Small arms recovered in Mali raid

Jonathan Ferguson

A recent UN investigation following an attack using an explosive device has revealed a snapshot of the types of small arms in use by insurgents active in Mali. Last week, MINUSMA released an image of items recovered from the house of two people who  were arrested and handed to Malian authorities.


In the foreground is a box of Russian F1 type hand grenades in superficially good condition, as well as various pieces of load-bearing equipment of relatively recent manufacture. However, an examination of the small arms in the background reveals these men to be somewhat ill-equipped and reliant upon legacy weapons.

Only one AK pattern rifle is in evidence: a rather weary-looking Chinese Type 56 (chambered for 7.62 x 39 mm). Instead, SKS pattern carbines predominate. This Second World War-era Russian semi-automatic design (also chambered for the readily available 7.62 x 39 mm) has been produced by a number of other countries post-war, notably by China as the Type 56 (not to be confused with the AK variant of the same designation). Three of the four examples visible in the photograph may indeed be Type 56 rifles on the basis of their ‘spike’ bayonets.

Two of the rifles are even more antiquated; a Mosin-Nagant M44 carbine (7.62 x 54 mm R) with its distinctive side-folding spike bayonet, and an unusual bolt-action Mauser variant (missing its bolt). This is a Portuguese Mauser-Vergueiro M904/M39 short rifle (chambered for 7.92 x 57 mm), originally part of a 1904 German (DWM) contract for weapons chambered for 6.5 x 58 mm. In 1939, these were shortened and calibre converted, making it possible to ‘feed’ surviving examples with the standardised 7.92 mm Mauser cartridge. This is not a well-known variant of the famous Mauser, and has presumably found its way to Mali from one of Portugal’s former colonial possessions in the region (Guinea-Bissau or Cape Verde).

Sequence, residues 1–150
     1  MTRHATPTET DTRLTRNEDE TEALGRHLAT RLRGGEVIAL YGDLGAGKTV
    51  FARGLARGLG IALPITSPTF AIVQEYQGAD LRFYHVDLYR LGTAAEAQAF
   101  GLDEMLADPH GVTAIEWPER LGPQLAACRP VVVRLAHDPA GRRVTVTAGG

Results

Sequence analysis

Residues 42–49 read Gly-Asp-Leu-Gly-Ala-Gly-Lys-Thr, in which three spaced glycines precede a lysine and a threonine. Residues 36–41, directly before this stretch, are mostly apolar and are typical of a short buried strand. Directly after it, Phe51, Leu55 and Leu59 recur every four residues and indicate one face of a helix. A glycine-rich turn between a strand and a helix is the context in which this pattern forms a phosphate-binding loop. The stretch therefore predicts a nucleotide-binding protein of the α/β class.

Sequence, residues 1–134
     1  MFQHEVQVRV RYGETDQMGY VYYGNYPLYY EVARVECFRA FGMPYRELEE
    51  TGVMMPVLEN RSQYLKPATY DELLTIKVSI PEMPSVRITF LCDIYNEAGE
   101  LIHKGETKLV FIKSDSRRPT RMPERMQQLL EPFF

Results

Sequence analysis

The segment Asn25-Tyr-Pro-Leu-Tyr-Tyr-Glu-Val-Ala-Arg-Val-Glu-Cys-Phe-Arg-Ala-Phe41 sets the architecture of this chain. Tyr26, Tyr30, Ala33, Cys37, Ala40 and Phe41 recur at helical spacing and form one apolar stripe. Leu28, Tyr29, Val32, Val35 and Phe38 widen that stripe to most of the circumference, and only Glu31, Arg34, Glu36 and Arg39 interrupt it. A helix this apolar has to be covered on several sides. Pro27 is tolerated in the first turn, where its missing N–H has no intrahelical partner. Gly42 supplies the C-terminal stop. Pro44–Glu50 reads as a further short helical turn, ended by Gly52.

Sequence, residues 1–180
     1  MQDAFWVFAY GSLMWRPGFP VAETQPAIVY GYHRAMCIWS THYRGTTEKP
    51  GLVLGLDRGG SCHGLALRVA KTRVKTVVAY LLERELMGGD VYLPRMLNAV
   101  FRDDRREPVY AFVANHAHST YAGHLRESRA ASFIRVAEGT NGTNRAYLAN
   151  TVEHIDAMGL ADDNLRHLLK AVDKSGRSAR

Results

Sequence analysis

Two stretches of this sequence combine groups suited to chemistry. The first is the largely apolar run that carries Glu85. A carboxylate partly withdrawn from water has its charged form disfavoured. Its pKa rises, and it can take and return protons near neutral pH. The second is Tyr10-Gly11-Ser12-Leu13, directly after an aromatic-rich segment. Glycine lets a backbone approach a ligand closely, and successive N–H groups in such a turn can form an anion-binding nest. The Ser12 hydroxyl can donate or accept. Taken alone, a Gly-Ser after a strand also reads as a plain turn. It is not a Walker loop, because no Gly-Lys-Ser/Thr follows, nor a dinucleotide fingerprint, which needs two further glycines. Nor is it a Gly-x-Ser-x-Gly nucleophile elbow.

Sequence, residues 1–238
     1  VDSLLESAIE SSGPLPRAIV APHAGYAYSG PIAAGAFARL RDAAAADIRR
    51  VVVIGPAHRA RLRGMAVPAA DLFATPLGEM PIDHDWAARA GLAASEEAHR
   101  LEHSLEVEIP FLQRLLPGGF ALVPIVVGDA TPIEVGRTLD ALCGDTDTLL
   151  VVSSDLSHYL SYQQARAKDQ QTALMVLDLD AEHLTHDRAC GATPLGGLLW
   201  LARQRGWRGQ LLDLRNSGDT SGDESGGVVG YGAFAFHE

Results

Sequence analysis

Also recovered was an equally vintage Soviet-era Degtyarev DP or DPM light machine gun (7.62 x 54 mm R) with its circular ‘pan’ magazine, and a potentially more capable belt-fed FN MAG 58 General Purpose Machine Gun (GPMG; chambered for 7.62 x 51 mm). Note that this example is unusable in its pictured state, as it is missing its buttstock.

Of these types, only the AK, SKS, and MAG have been previously recorded in Malian insurgent hands. For other weapons in rebel use, see ‘Rebel Forces in Northern Mali: Documented weapons, ammunition and related materiel, April 2012-March 2013’, published by Conflict Armament Research/Small Arms Survey, London/Geneva, 2013.


Picture taken from @UN_MINUSMA